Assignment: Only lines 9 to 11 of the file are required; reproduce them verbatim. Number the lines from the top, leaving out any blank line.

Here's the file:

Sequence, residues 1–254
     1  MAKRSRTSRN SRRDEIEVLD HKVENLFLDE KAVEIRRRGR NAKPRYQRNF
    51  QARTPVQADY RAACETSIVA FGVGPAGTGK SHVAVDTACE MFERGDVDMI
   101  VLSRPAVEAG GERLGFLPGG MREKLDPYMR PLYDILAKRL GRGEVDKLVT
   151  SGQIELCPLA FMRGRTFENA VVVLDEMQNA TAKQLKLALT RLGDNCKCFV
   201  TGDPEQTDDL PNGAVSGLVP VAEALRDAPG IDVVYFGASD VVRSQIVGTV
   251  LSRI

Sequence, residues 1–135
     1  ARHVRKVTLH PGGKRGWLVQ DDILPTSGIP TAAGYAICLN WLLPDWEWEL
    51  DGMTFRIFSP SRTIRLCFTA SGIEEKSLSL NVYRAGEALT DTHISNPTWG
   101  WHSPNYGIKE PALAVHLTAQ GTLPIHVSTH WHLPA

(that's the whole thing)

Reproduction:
     1  ARHVRKVTLH PGGKRGWLVQ DDILPTSGIP TAAGYAICLN WLLPDWEWEL
    51  DGMTFRIFSP SRTIRLCFTA SGIEEKSLSL NVYRAGEALT DTHISNPTWG
   101  WHSPNYGIKE PALAVHLTAQ GTLPIHVSTH WHLPA